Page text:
As more African Americans obtained medical degrees, black physicians began to respond to racism in American medicine by forming their own medical institutions, teaching hospitals, and medical societies.The National Medical Association was formed in 1895, in direct response to the exclusion of black physicians from the American Medical Association.They were instrumental in leading the fight for better health care and greater opportunities in medicine to all enfranchised Americans.Today they continue to represent the needs of African American physicians across the country.
The National Medical Association – National Convention, Boston, MA – August 24-26, 1909
The Society of Black Academic Surgeons founded in1989 was established to address the small numbers of African American surgeons pursuing academic careers and to provide a forum for scholarship in collaboration with the leading departments of surgery in the United States.
Today African American academic surgeons can be found practicing in every field of surgery and are no longer limited to historically black medical schools for academic positions. Although they still face many challenges, their path has been made easier by the pioneering surgeons that have come before them setting an example of excellence, perseverance, and dedication.
* All information and pictures are provided from NLM. Want to know more about this exhibit, please go to http://www.nlm.nih.gov/exhibition/aframsurgeons/pioneers.html
There are four African American academic surgeons that are highlighted in the Contemporary Pioneers Exhibit. These are four African American academic surgeons and educators who exemplify excellence in their fields and believe in continuing the journey of excellence through the education and mentoring of young African Americans pursuing medical careers.The four surgeons are Alexa I. Canady, M.D., pediatric neurosurgery, LaSalle D. Leffall, Jr., M.D., surgical oncology, Claude H. Organ, Jr., M.D., general surgery, and Rosalyn P. Scott, M.D., M.S.H.A.cardiothoracic surgery:
Alexa Canady (1950- ) is a leading pediatric neurosurgeon and educator. Her “patient-care first” approach, her ability to set her patients at ease, and her down-to-earth attitude have all contributed to her success as a pediatric neurosurgeon. Dr. Canady is currently semi-retired and a pediatric neurosurgeon at Sacred Heart Medical Group in Pensacola, Florida.
LaSalle D. Leffall, Jr. (1930 - ) is a leading oncology surgeon, and educator. Dr. Leffall believes the role of the medical school teacher is to “instruct, inspire, stimulate, develop talent, raise aspirations, and stretch the imagination.” He encourages his students to “strive for excellence and avoid using race as an excuse for any lack of success.” He is currently the first Charles R. Drew Professor of Surgery at Howard University College of Medicine. Of the 7500 medical school graduates, Dr. Leffall has taught over 5000, and more than 250 surgical residents in his career at Howard University.
Claude H. Organ, Jr. (1926-2005) was a leading general surgeon and educator. He believed that experienced physicians and surgeons have a responsibility to pass the torch and share their knowledge with younger physicians and surgeons. In his eyes, this was his greatest professional achievement. Dr. Organ spent 14 years at the University of California Davis/San Francisco East Bay Surgery Program and Highland Hospital in Alameda County, California. In June 2006, the surgery floor at Highland Hospital was named in his honor.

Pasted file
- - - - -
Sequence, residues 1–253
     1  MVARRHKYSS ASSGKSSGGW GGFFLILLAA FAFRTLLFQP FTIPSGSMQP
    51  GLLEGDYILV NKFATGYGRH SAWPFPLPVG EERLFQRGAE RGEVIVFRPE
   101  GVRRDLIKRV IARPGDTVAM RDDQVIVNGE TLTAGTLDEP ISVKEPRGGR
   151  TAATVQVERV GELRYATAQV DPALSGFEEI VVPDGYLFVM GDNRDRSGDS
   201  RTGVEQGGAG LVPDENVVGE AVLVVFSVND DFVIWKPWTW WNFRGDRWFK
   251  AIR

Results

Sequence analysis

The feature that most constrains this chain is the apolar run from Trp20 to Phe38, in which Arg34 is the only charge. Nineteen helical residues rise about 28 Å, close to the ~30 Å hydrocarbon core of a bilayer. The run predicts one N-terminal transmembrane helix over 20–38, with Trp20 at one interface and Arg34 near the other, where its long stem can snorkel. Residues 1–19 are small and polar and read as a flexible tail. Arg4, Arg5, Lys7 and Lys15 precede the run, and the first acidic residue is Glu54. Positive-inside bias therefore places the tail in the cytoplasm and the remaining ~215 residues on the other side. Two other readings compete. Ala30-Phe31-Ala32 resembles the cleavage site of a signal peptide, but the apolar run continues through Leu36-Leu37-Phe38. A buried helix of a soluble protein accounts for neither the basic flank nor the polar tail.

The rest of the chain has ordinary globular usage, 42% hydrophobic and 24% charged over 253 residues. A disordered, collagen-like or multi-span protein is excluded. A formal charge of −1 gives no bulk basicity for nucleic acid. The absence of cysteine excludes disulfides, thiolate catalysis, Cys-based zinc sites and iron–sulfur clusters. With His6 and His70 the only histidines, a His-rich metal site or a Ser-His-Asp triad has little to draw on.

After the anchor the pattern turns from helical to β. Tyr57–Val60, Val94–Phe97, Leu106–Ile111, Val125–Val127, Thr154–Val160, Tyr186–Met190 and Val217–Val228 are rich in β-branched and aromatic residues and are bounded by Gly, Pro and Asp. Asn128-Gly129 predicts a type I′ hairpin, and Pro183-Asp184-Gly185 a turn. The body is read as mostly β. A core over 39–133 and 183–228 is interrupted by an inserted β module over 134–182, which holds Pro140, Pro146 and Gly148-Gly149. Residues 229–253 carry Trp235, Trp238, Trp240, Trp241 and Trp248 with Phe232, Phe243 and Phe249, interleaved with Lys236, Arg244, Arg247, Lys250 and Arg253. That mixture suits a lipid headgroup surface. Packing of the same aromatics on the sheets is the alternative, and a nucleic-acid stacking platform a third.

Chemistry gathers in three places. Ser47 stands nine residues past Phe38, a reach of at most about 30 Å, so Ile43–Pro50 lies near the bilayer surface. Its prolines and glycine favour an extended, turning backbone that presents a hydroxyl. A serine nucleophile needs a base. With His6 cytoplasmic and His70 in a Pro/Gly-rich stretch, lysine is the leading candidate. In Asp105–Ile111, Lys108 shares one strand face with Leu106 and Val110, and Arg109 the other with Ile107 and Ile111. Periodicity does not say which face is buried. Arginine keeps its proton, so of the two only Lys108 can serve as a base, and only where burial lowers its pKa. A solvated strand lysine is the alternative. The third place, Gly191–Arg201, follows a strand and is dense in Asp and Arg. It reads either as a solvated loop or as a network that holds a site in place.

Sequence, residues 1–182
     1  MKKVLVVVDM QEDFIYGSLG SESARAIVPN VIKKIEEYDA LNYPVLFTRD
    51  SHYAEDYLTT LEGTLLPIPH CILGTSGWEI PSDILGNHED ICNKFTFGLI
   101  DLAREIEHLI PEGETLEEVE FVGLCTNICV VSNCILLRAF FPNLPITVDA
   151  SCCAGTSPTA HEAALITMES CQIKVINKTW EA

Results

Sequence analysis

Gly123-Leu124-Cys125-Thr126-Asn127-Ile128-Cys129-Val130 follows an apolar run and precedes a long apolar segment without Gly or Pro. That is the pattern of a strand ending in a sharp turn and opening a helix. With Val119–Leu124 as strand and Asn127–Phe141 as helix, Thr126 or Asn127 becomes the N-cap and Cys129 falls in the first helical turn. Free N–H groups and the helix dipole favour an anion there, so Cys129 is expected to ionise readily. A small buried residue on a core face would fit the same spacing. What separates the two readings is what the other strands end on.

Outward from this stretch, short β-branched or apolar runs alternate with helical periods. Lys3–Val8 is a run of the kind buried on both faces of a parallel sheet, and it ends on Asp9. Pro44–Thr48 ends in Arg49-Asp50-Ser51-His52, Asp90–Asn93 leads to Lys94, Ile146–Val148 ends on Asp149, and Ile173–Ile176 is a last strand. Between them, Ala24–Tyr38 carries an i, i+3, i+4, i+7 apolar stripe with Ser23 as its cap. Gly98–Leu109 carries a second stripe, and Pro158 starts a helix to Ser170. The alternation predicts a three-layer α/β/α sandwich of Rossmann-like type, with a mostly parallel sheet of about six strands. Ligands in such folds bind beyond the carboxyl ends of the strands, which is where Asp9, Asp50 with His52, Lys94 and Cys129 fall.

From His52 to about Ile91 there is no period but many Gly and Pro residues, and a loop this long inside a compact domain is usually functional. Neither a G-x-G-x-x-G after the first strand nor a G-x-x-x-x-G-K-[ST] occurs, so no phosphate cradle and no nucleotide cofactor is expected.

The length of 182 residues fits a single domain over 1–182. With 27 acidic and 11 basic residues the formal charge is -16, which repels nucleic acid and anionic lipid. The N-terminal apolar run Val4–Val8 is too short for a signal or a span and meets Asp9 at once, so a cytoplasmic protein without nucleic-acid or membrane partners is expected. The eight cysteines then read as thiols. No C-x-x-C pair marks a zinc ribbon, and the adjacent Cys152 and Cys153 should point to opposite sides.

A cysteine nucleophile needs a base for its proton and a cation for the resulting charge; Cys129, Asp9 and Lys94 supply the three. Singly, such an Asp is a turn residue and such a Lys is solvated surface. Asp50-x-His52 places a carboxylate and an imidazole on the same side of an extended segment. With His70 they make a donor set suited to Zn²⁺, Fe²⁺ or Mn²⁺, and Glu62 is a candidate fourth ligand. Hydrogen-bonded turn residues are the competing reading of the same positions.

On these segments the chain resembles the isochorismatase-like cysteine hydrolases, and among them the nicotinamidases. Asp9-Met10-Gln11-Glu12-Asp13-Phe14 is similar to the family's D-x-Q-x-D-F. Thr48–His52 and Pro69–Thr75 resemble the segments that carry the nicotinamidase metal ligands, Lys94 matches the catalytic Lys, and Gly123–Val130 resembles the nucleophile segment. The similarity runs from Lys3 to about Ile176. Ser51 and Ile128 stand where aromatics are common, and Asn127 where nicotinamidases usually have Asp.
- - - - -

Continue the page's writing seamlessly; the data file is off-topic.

Rosalyn P. Scott, M.D., M.S.H.A. (1950- ) is a leading cardiothoracic surgeon and educator. Dr. Scott is dedicated to finding ways to encourage and inspire young African American physicians and surgeons, especially women. She encourages them to aspire to levels they never thought possible in spite of gender and racial obstacles they face. Dr. Scott is currently professor of surgery at Wright State University Boonshoft School of Medicine, and Chief of Surgical Services at the Dayton Veterans Affairs Medical Center in Dayton, Ohio. Through her pursuits in research, teaching, administration, and clinical practice, she has built a well-rounded academic career dedicated to excellence and committed to passing her knowledge and passion on to younger physicians and surgeons.
African American surgeons still face many challenges, but their path has been made easier by the pioneering surgeons that came before them. This section capture the African surgeons like Dr. L.D. Britt, Dr. Malcolm V. Brock, Dr. Karyn L. Butler, Dr. Benjamin S. Carson, Sr., Dr. Edward E. Cornwell, III, Dr. Kenneth Davis, Jr., Dr. Sharon M. Henry, Dr. Carla M. Pugh, Dr. Velma Scantlebury, Dr. Claudia L. Thomas, Dr. Errington C. Thompson, Dr. Paticia L. Turner, and Dr. Levi Watkins, Jr.
Dr. Levi Watkins, Jr. is a cardiac surgeon, professor of cardiac surgery and associate dean at The Johns Hopkins University School of Medicine. He performed the world's first implantation of the automatic defibrillator in a human in 1980, and today over a million people have received this life saving device. Dr. Watkins spent much of his medical career at Johns Hopkins University School of Medicine. He completed his internship and surgical residency at Hopkins and went on to become the first African American chief resident, professor of cardiac surgery, and associate dean.
Dr. Karyn L. Butler is a trauma surgeon and director of Surgical Critical Care at Hartford Hospital in Hartford, Connecticut. She conducts research at the Cardiovascular Research Center on myocardial ischemia/reperfusion injury (the loss or reduction in blood flow to part of the muscular tissue of the heart and resulting injury).
Dr. Sharon M. Henry is a trauma surgeon, professor of surgery, and director of the Division of Wound Healing and Metabolism at the R. Adams Cowley Shock Trauma Center, University of Maryland Medical Center. Dr. Henry conducts research in the management of complex wounds and critical illness. She is the first African American woman elected as a member of the American Association for the Surgery of Trauma.
Dr. Carla M. Pugh is associate professor of surgery and associate director of the Center for Advanced Surgical Education at Northwestern University. Dr. Pugh is engaged in developing innovative uses of technology for medical and surgical education. She holds a patent on the method of simulation used to design the pelvic exam simulator, a teaching tool for medical students.